SYDNEY: New Zealand’s government and Bluescope Steel Ltd’s local unit will spend NZ$300mil (US$188mil or RM852mil) to upgrade a mill near Auckland in what they said was the nation’s largest emissions-reduction project.
Under the plan, the government will provide up to NZ$140mil (RM399mil) and New Zealand Steel NZ$160mil (RM456mil) to replace the Glenbrook steel plant’s oxygen furnace with an electric arc furnace and two of four coal-fuelled kilns.
That will halve the coal used at the site.
“This project dwarfs anything we have done to date,” Prime Minister Chris Hipkins said. “It will eliminate 1% of the country’s total annual emissions.”
NZ Steel chief executive Robin Davies said Glenbrook’s carbon footprint would drop by 800,000 tonnes – equivalent to taking around 300,000 cars off the road.
New Zealand’s performance in tackling global warming has been mixed, with Climate Action Tracker classifying the nation’s policies as “highly insufficient” to meet its Paris Agreement targets.
The Climate Change Performance Index, a monitoring tool produced by a consortium of German non-profits, ranks New Zealand 33rd in the world on climate action, or “medium-performing.”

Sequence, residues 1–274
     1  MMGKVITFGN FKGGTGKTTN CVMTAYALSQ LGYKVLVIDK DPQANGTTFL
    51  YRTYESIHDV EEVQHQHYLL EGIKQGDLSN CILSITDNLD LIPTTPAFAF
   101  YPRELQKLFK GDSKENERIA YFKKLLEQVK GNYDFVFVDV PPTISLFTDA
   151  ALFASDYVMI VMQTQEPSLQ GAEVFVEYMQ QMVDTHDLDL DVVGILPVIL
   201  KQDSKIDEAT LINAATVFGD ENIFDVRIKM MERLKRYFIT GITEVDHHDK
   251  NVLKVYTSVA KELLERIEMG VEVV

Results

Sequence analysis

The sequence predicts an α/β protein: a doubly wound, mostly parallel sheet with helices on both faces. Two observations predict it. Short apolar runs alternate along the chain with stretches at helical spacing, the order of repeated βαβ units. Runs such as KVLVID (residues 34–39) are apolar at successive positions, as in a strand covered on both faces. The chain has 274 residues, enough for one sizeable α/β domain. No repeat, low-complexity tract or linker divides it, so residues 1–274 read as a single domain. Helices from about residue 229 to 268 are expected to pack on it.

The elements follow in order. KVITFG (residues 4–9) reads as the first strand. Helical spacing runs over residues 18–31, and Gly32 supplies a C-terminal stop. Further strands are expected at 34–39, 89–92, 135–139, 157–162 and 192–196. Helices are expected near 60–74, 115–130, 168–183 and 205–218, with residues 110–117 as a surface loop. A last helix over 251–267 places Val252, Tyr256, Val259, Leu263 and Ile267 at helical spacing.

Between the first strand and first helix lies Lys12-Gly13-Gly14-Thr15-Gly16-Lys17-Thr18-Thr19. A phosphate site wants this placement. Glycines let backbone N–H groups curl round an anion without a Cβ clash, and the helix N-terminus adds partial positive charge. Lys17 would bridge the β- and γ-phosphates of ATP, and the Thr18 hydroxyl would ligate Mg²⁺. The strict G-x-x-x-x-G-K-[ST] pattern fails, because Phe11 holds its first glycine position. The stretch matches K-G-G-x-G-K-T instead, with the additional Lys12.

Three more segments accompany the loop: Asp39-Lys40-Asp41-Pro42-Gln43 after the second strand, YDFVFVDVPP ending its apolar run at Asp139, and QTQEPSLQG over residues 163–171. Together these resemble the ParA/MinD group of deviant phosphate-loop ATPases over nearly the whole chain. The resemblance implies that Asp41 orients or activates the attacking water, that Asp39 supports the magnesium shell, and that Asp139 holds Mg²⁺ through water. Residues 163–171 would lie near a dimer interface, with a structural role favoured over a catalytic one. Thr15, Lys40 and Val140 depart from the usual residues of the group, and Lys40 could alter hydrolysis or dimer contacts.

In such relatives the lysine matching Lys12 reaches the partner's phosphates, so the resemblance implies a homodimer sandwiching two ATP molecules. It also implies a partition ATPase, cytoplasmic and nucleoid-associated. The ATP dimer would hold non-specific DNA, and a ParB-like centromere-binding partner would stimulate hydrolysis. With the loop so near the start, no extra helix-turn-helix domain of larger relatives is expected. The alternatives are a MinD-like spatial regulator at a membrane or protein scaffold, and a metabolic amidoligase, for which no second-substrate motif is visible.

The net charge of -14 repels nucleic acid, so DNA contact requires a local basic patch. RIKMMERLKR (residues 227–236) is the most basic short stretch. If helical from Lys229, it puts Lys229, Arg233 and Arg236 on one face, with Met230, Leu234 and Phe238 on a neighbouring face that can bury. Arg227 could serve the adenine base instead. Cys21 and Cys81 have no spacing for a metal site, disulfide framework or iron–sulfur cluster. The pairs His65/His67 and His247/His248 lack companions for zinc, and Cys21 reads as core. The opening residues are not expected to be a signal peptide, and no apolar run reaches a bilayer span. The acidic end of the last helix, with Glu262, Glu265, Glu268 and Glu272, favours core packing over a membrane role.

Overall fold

Sunday’s announcement is estimated to meet more than 5% of the nation’s required emissions reductions between 2026 and 2030. New Zealand will hold an election in October and Hipkins’ Labour Party is vying with the opposition National Party in what’s expected to be a tight race.
Hipkins, aiming to secure the future of domestic steelmaking with the deal, said it means businesses will have access to locally produced, cleaner steel “and high value jobs are protected that otherwise might have gone offshore.”
Bluescope chief executive officer Mark Vassella concurred. “This model will make New Zealand as close to self-sufficient as possible using renewable energy to recycle domestic scrap steel, rather than shipping it offshore.” — Bloomberg